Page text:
Castaic Brick Company
The Castaic Company began operations in 1950 at their brickyard at 32300 Old Ridge Route Road,
Castaic, Los Angeles County, California. Mike Mallow was the owner. This company produced 2 1/4 x 3 7/8 x 8 1/4-inch common brick,
1 1/2 x 3 7/8 x 8 1/4-inch split pavers, 3 x 3 x 10-inch commercial oversize, and thin brick of various shades
Overview of the Castaic brick plant and clay pit, Castaic, CA.
The red-burning clay from the Upper Miocene Modelo formation of fine-grained siltstone and shale, was mined from an open cut using
Catepillar bulldozers and power shovels. The clay was passed through an 8-mesh screen. Large size material was sent to the W.C. Stoll
and Sons hammermill capable of grinding 100 tons per hour. The clay was conveyed to the storage bin capable of holding 8 days worth of
production. The ground clay next was conveyed to the pugmill, where it was mixed with ground up brick. Then the mix was loaded into a
Stoll hopper and sent to the J.C. Steel and Sons vacuumed extruder to make a clay column. A Lingl slug wire-cutter sliced the column
into standard-size common brick. The bricks were fed into a Lingl setter, which loaded 7,056 brick per car.
Castaic brick plant and brickyard, Castaic, CA.
After the bricks were cured they were placed into two Lingl tunnel driers, which were 316 feet long and 17 feet wide.
Each drier was capable of handling 28 cars of bricks and it required 42 hours of drying using waste heat from the kilns.
The driers reduced the water content of each brick to less than 3 percent. From the driers, the bricks were then fired
in a Lingl tunnel kiln of the same dimensions as the drier. The kiln contained 5 zones, each with 18 burners and a preheat
zone with 16 burners. The top-fired unit also contained a flashing zone. The cars took 42 hours to complete the trip through
the kilns, with temperatures reaching 1,865 degrees F in the hottest zone.
The finished bricks were removed from the cars by a Stoll crane. Sorters hand blended the brick. The Stoll unloading machine placed the
brick on pallets and then they were moved to the stretch wrap machine for final packaging. The bricks that needed additional
treatment for that manufactured "used brick" look were sent to the company-made tumbling machine, where the bricks were mixed
with cement, lime, and asphalt during tumbling.
Stacked Castaic bricks in the brickyard.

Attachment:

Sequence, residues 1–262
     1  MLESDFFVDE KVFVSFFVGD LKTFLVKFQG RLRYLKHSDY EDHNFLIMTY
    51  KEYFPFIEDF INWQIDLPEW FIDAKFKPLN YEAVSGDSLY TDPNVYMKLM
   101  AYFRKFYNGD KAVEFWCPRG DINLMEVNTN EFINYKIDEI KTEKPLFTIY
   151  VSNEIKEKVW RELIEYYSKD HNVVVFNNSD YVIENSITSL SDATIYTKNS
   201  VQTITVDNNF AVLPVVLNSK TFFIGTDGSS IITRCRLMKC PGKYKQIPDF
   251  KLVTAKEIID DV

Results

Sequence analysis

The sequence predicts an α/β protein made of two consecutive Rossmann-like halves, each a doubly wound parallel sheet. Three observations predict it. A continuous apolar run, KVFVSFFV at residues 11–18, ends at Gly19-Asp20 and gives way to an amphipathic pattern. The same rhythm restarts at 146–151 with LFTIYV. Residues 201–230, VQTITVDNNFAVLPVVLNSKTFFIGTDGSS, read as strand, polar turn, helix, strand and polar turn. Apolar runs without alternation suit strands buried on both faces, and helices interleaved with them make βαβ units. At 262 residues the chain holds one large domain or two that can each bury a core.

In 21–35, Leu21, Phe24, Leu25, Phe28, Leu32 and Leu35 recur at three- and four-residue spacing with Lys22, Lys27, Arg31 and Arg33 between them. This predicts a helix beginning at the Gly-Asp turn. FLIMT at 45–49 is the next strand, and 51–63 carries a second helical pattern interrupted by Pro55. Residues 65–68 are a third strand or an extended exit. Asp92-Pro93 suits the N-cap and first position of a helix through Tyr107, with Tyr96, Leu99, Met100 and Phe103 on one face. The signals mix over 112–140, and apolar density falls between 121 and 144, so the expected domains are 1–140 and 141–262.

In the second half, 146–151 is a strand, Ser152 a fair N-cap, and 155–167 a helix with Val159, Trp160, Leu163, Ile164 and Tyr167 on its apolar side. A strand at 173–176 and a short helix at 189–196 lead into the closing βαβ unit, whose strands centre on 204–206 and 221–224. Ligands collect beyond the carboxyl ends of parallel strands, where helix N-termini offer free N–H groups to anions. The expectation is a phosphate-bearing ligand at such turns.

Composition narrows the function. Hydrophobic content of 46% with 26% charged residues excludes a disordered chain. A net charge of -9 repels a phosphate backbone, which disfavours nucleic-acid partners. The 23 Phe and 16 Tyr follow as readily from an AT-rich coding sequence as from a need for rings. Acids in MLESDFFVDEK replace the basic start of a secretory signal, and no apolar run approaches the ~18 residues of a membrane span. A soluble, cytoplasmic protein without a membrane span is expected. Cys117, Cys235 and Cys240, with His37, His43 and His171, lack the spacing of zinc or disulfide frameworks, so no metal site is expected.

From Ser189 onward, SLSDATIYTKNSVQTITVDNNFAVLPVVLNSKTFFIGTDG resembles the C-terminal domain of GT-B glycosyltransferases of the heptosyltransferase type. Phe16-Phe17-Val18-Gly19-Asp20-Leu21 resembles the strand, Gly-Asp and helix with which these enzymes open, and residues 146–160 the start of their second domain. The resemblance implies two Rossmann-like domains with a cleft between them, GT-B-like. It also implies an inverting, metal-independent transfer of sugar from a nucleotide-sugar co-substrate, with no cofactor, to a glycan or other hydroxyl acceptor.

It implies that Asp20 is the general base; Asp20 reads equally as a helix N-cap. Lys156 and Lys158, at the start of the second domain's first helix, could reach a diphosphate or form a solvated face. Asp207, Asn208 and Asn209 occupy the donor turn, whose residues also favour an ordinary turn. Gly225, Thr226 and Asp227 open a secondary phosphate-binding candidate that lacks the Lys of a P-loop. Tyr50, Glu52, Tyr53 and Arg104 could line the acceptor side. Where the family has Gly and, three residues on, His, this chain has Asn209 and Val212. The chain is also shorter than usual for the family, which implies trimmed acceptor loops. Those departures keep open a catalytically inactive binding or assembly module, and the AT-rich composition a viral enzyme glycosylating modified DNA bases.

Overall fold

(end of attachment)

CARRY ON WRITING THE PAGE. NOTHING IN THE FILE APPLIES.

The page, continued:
Plant capacity in 1950 started at 30,000 brick per day. This was increased to 75,000 brick per day in 1953. By 1984, the plant was
producing 13.5 cars per day, or 95,000 brick per day. By 2004, this was increased to 200,000 brick per day. The company had 80-85 employees.
Bricks were shipped internationally and, in 2004, was the primary supplier of Home Depot stores. The antique red brick often splashed
with white cement can be seen in such buildings as Wendys restaurants in Southern California. A good variety of colors is produced. Some
of the names of the brick are Tumbled Red, Typic, Antique, Flash Classic, Chocolate Brown, Tumbled Flash Chocolate Brown, Red, Classic,
Chocolate Typic, Flash Burned, and Tumbled Flash. Manganese was added to the clay to create the Chocolate Brown brick that was popularly
used in Tudor-style houses.
The Castaic plant closed about 2012 with a large inventory of bricks in the yard.
The brick is red to cherry red or brown with smooth sides. White cement on certain bricks was applied to give
the brick a used look. The top and bottom faces display curved wire cut marks and longitudinal grooves and pits.
Smooth sides show minor transverse grooves and stacking impressions. Minor crazing is present.
The broken surface displays tiny red specks of ground up brick within a compact clay body. This brick was made by
using the extruded stiff mud process. Length 7 5/8 - 8, width 3 5/8 - 3 3/4, height 2 1/4 inches.
One of the faces of the Antique Castaic brick showing the longitudinal groove and pit marks with cement wash.
Side view of the Antique Castaic brick showing the smooth cement wash face.
One of the faces of the Red Smooth Castaic brick showing the longitudinal groove and pit marks.
Side view of the Red Smooth Castaic brick showing the smooth face with transverse grooves.
View of the end of the Red Smooth Castaic brick.
Castaic All White
Castaic Chocolate Flash Matt
Castaic Chocolate Primero
Castaic Chocolate Ruffle
Castaic Chocolate Typic
Castaic Flash Classic
Castaic Flash Matt
Castaic Flash Primero
Castaic Flash Tumbled
Castaic La Costa
Castaic Old Pasadena
Castaic Red Brash
Castaic Red Matt
Castaic Red Primero
Castaic Red Ruffled
Castaic Red Tumbled
Castaic Sacramento Blend
Castaic San Rafael
Castaic San Rafael Primero
Castaic San Rafael Tumbled
Castaic Santa Cruz
Castaic Brick Company,
www.castaicbrick.com (accessed 2004).
Copyright © 2004 Dan Mosier
Endicott, Wayne A., New Plant Makes "Used Brick" With High Fuel Efficiency, Brick and Clay Record, v. 1, 1983, p. 38-40.
Gay, T.E., and Hoffman, S.R., Mines and Mineral Resources of Los Angeles County, California, California
State Mining Bureau, California Journal of Mines and Geology, v. 50, no. 3-4, 1954, p. 467-709.
Higgins, Josh, written communications, 2013.
Howser, Huell, Brickyard, VHS video.